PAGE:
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The magnesium bar test. The short blade was able to properly work the bar resulting in ignition of magnesium and then in turn the Tulip poplar bark. Action shots taken from the video at moment of flare up of the magnesium shavings.

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The short blade did ok.

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Now for the Birch bark and large ferro rod using the Hiker. Again action shots from the video.

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The short blade again did the job but in all honesty it dug into the ferro rod in an annoying way. Maybe I am out of practice using an actual blade to strike a spark as most often use a dedicated striker or knife spine.

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Now for the Farmer. The awl (really reamer) of the Farmer is different than the Hiker's awl.

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The magnesium bar/ferro rod combo worked just fine using the Framer's reamer. Better IMHO than the Hiker's small blade.

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Large ferro rod and birch bark test using the Farmer.

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The birch bark easily ignited. The Framer's reamer is a really good striker.

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The firecraft edge (pun intended) goes to the Farmer.

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Waited till dinner time to start the real fire to cook our bush meal using the twig fire methodology. This job will given to the firecraft winner the farmer and large ferro rod.

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The hydrocarbons within the birch bark are no joke. To take full advantage of their energy I tossed a large handful of sticks upon ignition. Hydrocarbons are a BIG power and like all power it comes with an equally big responsibility. Or so says Stan Lee. LOL!

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Me being a goober with the Farmer and ferro rod. That reamer is a nice striker.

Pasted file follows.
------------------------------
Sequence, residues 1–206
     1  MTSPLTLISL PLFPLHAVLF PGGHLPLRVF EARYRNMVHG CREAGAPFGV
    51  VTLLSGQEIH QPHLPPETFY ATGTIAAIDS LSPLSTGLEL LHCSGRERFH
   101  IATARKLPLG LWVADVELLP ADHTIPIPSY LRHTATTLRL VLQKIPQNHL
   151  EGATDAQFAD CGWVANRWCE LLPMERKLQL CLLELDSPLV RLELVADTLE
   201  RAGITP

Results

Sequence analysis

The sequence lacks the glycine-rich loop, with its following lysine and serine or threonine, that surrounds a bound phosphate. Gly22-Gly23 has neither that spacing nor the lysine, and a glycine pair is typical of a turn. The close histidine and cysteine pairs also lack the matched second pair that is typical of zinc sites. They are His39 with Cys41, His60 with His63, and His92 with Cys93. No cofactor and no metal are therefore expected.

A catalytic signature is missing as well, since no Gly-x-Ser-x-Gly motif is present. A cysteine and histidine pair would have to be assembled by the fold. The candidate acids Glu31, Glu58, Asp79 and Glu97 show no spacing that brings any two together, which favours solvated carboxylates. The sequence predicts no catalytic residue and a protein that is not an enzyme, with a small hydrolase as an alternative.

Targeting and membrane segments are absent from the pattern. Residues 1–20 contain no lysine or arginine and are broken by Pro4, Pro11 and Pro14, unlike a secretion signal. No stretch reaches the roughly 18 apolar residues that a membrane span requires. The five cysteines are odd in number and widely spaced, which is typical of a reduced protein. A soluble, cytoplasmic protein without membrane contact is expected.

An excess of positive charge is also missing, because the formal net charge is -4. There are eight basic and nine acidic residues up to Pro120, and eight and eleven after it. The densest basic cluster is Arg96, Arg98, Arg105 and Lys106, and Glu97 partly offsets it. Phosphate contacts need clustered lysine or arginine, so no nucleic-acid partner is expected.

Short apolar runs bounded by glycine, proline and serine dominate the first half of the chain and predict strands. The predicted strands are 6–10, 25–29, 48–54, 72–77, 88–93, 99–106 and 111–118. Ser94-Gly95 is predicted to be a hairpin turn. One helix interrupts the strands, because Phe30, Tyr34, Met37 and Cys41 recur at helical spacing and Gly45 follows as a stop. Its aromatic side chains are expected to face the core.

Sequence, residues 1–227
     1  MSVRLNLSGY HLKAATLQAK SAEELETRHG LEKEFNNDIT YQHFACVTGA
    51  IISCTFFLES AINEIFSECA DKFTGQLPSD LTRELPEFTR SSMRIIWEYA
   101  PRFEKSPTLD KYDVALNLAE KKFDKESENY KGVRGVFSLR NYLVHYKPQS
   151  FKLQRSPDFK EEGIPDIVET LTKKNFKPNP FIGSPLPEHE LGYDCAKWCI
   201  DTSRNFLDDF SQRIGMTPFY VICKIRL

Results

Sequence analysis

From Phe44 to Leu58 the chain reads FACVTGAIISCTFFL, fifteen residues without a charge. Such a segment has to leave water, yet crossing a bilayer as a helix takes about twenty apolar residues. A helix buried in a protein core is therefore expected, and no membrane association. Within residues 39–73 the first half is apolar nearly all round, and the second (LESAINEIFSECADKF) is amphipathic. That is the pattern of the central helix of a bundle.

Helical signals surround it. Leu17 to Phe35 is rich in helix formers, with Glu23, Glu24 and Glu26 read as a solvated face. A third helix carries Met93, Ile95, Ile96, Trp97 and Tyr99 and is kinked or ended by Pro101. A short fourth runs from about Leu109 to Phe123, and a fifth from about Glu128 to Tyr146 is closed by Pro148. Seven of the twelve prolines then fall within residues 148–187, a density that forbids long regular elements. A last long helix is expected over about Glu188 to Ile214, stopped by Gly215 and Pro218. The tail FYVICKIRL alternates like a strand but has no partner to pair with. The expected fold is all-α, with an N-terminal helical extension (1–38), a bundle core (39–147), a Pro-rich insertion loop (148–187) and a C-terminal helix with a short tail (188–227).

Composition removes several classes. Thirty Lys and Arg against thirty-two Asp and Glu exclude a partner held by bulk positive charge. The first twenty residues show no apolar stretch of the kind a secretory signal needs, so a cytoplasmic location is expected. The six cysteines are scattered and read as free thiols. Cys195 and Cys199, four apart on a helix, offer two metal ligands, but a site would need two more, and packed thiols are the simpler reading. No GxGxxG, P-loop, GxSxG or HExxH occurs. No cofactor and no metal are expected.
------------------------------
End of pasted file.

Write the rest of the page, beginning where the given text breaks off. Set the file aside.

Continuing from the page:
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I used both knives to process a green cooking stick. Stuffed the trout with scallions. Already ate the violets for snack after lighting the fire.

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Used the knives to scrape away the dirt off the onion appetizers. An easy job which both did just fine at.

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The meal is cooking! The trout hanging over the fire, water warming off to the side and onion appetizers baking on a rock.

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The tea is ready!

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The trout was fantastic. Remember DO NOT EAT THE SKUNK CABBAGE. It's just being used to keep the dirt off my food. Kinda risky mixing not edible things (this will make you sick) with great eats like the trout. Yea gotta watch what goes into your mouth. Later during the year will replace the skunk cabbage with larger green leaves for this purpose.

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Conclusion.

Both knives are great but in a survival situation which would I pick? The Farmer. The reamer is a fantastic tool plus the knife blade seems thicker and longer than the Hiker. I would miss certain aspects of the Hiker like the tweezers, small blade etc etc. Both are really great pocket knives but gotta pick one so the Farmer is it.

Here is a video. Thanks for looking.


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PostPosted: Fri May 05, 2017 9:33 pm 
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Great info. I was wondering if you felt safe using a slip joint knife though. It would make me nervous.

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PostPosted: Fri May 05, 2017 9:45 pm 
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The Twizzler wrote:
Great info. I was wondering if you felt safe using a slip joint knife though. It would make me nervous.


Having no blade lock is one of those things yea gotta keep on your mind during use of these small pocket knives. Then again I hardly ever trust any lock on a folder. Not advocating only packing these little tools over a fixed blade etc etc etc rather putting them to the test. Thanks for looking!